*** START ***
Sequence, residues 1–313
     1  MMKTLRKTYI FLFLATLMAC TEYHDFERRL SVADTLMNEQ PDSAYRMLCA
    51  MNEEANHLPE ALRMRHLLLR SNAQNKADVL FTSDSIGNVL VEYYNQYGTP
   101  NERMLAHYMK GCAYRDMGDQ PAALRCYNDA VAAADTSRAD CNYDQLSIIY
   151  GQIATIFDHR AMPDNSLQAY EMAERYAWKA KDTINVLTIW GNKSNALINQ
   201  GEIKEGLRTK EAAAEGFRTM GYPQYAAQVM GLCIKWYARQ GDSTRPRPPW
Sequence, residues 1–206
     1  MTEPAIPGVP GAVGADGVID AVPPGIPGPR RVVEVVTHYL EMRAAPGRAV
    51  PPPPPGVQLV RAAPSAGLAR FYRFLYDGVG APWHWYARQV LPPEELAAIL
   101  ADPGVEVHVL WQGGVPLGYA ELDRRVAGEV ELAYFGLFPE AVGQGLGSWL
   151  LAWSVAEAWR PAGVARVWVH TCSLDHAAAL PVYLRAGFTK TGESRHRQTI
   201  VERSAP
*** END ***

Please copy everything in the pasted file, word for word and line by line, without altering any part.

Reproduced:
Sequence, residues 1–313
     1  MMKTLRKTYI FLFLATLMAC TEYHDFERRL SVADTLMNEQ PDSAYRMLCA
    51  MNEEANHLPE ALRMRHLLLR SNAQNKADVL FTSDSIGNVL VEYYNQYGTP
   101  NERMLAHYMK GCAYRDMGDQ PAALRCYNDA VAAADTSRAD CNYDQLSIIY
   151  GQIATIFDHR AMPDNSLQAY EMAERYAWKA KDTINVLTIW GNKSNALINQ
   201  GEIKEGLRTK EAAAEGFRTM GYPQYAAQVM GLCIKWYARQ GDSTRPRPPW
Sequence, residues 1–206
     1  MTEPAIPGVP GAVGADGVID AVPPGIPGPR RVVEVVTHYL EMRAAPGRAV
    51  PPPPPGVQLV RAAPSAGLAR FYRFLYDGVG APWHWYARQV LPPEELAAIL
   101  ADPGVEVHVL WQGGVPLGYA ELDRRVAGEV ELAYFGLFPE AVGQGLGSWL
   151  LAWSVAEAWR PAGVARVWVH TCSLDHAAAL PVYLRAGFTK TGESRHRQTI
   201  VERSAP